**Nanomedicine,
Volume I: Basic Capabilities**

**©
1999 Robert A. Freitas Jr. All Rights
Reserved.**

Robert A. Freitas Jr., Nanomedicine, Volume I: Basic Capabilities, Landes Bioscience, Georgetown, TX, 1999

**10.1.2.5 Atomic Frequency
Standards**

The most accurate oscillators are the Atomic Frequency Standards
(AFS) used in "atomic clocks." In these "clocks," an atom flips between two
slightly different configurations -- one in which the electron spin and the
nuclear spin point in the same direction, and another configuration in which
the two spins point in opposite directions. In its original form,^{3028,3029}
a beam of cesium (Cs^{133}) atoms is emitted from an oven and passes
through an evacuated (~10^{-11} atm) chamber, where the atoms are focused
by one fixed magnet, then defocused by a second fixed magnet. Between the two
fixed magnets, the beam passes through a microwave field. When the frequency
of this oscillating field exactly matches a natural atomic resonance ground-state
hyperfine transition frequency of Cs (~9.192,631,770 GHz), the spin energy state
can switch polarity, allowing "flipped" atoms to focus, rather than defocus,
at the second fixed magnet. Atoms arriving at the focus are ionized by a hot-wire
ionizer target, then directed onto an electron multiplier by a mass spectrometer
to be counted. The microwave frequency is adjusted until the electron multiplier
output current is maximized, constituting the measurement of the atoms' resonance
frequency.

Early cesium AFSs were used to recalibrate a quartz oscillator
about once a day, achieving Dn / n
~ 3 x 10^{-11}. In 1998, the best non-cryogenic laboratory Cs or Rb
(rubidium) AFS had Dn / n
~ 2 x 10^{-14}, with a temperature stability of ~10^{-13} K^{-1
}between 263-313 K and a magnetic stability of ~10^{-12}/gauss.^{1703}
The smallest non-cryogenic Rb AFS was a space-qualified system with mass of
1.3 kg and power consumption of 11 watts (~10^{4} watts/m^{3}),
achieving Dn / n <~
5 x 10^{-13}. Another system that achieved Dn
/ n <~ 5 x 10^{-14} had mass ~5.5 kg and
drew 39 watts.^{1703} Laser-cooled
low-temperature clocks using Bose-Einstein condensates were expected eventually
to demonstrate Dn / n
~ 10^{-18}.

In 1998, the miniaturization of rubidium AFS for space applications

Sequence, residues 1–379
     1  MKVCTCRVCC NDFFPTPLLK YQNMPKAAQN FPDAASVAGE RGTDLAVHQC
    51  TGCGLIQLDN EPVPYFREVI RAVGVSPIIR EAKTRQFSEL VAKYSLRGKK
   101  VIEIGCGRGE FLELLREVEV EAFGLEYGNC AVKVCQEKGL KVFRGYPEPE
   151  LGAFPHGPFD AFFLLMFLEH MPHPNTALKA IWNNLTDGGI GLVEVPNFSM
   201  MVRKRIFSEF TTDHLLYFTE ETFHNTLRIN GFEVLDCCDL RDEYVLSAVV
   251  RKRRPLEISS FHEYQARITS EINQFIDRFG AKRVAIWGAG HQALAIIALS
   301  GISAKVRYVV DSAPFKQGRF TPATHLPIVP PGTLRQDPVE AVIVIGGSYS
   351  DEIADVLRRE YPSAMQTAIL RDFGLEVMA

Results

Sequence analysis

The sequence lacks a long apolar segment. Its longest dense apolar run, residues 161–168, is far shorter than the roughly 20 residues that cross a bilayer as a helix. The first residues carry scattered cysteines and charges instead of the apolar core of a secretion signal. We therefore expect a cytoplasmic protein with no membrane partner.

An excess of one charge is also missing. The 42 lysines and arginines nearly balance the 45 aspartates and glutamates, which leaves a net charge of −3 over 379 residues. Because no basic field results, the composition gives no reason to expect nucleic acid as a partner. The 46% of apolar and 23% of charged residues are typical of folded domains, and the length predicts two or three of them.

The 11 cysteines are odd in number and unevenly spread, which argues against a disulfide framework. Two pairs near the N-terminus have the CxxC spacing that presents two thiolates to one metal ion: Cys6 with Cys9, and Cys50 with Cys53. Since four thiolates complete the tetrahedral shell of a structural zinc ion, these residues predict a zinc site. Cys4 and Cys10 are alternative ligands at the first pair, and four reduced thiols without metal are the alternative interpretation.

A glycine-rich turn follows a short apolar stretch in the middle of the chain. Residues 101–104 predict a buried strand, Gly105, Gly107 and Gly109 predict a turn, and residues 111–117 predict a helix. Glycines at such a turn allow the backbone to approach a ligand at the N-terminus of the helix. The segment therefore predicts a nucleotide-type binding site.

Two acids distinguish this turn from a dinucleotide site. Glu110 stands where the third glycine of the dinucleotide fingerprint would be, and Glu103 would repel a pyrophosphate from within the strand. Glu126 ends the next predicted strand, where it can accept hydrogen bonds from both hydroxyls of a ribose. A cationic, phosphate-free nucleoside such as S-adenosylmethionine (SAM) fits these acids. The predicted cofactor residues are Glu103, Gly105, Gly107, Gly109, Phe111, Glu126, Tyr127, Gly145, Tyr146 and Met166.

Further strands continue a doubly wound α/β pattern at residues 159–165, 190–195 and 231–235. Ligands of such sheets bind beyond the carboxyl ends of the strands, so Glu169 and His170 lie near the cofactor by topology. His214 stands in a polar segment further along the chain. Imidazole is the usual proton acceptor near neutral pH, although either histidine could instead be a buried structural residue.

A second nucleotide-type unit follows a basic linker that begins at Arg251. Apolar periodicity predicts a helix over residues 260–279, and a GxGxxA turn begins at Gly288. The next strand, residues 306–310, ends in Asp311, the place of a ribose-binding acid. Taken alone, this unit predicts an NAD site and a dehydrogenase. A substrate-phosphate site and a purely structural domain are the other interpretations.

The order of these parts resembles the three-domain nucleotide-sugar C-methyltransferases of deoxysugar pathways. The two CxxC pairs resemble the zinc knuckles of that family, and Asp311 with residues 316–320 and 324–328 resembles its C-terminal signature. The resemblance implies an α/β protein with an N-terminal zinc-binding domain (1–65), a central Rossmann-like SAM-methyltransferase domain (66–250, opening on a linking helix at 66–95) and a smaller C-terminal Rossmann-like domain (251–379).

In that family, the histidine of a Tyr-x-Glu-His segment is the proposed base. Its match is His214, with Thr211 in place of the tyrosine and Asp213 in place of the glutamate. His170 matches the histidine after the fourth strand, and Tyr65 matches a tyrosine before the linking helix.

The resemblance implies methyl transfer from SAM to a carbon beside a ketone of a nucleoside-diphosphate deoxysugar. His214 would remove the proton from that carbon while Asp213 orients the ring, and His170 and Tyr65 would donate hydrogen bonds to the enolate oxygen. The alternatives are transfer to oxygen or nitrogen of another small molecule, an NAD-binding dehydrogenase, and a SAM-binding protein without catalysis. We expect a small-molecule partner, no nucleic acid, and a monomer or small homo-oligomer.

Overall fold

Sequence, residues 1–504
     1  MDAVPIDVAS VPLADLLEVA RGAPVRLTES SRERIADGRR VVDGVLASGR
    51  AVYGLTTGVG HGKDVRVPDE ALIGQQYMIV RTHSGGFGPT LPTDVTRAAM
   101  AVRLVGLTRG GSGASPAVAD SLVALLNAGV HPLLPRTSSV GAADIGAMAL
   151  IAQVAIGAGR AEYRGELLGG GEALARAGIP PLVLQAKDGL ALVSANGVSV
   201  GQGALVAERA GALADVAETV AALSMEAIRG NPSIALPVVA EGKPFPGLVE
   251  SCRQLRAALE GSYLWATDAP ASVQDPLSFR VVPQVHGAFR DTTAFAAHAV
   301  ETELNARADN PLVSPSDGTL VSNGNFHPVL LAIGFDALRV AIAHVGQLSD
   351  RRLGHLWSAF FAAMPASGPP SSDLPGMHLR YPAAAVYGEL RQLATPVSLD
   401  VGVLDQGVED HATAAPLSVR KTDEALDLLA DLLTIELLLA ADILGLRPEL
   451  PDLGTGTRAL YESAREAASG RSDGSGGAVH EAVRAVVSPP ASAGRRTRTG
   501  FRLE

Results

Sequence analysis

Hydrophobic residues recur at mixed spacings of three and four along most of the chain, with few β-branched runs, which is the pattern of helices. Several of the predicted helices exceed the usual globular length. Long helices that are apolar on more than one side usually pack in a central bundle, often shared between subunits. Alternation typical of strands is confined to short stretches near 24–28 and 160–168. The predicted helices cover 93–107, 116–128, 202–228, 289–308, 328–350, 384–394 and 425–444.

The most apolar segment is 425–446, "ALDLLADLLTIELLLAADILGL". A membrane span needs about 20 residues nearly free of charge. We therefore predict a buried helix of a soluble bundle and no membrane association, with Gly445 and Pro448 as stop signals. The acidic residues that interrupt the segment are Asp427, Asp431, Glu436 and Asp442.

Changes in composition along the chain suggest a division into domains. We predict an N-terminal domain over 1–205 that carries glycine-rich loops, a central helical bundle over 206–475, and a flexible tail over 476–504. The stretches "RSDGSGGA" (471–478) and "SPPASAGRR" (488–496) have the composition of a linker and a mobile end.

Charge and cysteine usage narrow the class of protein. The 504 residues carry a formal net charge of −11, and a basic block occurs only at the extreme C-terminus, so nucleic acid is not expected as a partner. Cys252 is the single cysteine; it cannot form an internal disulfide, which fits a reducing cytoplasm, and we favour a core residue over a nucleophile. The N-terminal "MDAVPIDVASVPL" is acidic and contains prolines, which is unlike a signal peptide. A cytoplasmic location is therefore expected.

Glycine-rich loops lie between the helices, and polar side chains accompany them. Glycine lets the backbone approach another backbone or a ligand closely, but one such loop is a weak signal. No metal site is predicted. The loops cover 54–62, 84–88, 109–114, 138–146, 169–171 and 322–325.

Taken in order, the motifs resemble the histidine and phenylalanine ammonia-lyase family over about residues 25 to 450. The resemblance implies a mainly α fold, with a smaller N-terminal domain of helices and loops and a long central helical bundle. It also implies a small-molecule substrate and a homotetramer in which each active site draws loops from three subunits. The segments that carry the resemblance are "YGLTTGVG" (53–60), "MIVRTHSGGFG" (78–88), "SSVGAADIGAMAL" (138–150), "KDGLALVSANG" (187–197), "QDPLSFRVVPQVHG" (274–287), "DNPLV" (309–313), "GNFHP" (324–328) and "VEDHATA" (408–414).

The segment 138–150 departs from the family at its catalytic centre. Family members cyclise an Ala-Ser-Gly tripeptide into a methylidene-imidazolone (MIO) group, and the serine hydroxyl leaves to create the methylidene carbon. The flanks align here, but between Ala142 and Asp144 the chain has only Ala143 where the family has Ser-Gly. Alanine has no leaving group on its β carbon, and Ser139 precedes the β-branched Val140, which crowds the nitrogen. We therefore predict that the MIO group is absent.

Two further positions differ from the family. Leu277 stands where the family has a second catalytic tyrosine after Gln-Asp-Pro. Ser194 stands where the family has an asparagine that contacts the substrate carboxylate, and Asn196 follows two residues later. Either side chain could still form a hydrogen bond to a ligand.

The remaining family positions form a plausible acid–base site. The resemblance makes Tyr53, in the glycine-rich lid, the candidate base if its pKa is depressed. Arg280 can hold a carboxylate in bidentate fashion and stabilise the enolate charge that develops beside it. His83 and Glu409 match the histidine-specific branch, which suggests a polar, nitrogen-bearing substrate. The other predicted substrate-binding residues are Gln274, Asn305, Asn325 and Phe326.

was being actively studied,^{1704,1705}
along with newer approaches such as optically-pumped cesium AFS using solid
state diode lasers (thus eliminating the bulky magnets),^{1706}
diode laser-pumped rubidium AFS in which the Rb discharge lamp is replaced with
a ~100% efficient diode laser tuned to the correct transition frequency,^{1707,1708}
and Hg^{+} "optical clocks."^{1709}
Optical pumping methods using diode lasers defined the NIST-7 atomic-beam standard
of Dn / n <~ 5 x 10^{-15},
starting in 1993.

A detailed analysis of micron-size atomic clocks is beyond
the scope of this book. The possibility cannot be ruled out, but in 1998 the
feasibility was unknown. From Eqn. 4.50, the
minimum sensor capable of detecting a spin transition requires N_{min}
~ 7 x 10^{6} Cs atoms (~0.001 micron^{3} of Cs), taking transition
frequency n_{L} = 9.192,631,770 GHz and electron
spin angular momentum L_{electron} = L_{proton}. However, many
problems must be overcome including interactions involving spontaneous decay,
measurement-induced transitions, phase changes due to gas molecule collisions,
spatial confinement effects, the use of symmetries and cancellation of couplings.
J. Soreff [personal communication, 1998] suggests consideration of an oscillator
structure in which a phosphorus atom is covalently bound to a tetrahedral support
of carbyne rods extending to the ends of an evacuated chamber. The fifth valence
electron on the phosphorus atom should have a hyperfine interaction with the
P^{31} nucleus, but it is presently unknown how tightly coupled the
thermal vibrations in the rods are to the hyperfine state transition, since
many coupling modes may vanish by symmetry.

Last updated on 23 February 2003